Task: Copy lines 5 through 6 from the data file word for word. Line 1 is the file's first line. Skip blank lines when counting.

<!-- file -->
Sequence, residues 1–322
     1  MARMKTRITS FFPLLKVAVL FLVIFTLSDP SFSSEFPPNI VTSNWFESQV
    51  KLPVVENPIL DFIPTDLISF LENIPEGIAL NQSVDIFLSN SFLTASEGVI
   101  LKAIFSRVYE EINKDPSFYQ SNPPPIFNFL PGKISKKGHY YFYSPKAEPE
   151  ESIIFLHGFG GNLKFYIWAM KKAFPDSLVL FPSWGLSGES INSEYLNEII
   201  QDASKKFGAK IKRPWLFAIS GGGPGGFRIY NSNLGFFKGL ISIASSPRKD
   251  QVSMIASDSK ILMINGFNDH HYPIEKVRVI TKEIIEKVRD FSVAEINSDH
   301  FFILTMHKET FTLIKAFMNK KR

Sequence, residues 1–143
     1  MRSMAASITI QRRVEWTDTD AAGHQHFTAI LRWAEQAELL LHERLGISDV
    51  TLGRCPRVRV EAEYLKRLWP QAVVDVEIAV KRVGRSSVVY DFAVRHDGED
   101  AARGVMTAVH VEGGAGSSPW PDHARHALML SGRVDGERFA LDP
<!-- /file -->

   151  ESIIFLHGFG GNLKFYIWAM KKAFPDSLVL FPSWGLSGES INSEYLNEII
   201  QDASKKFGAK IKRPWLFAIS GGGPGGFRIY NSNLGFFKGL ISIASSPRKD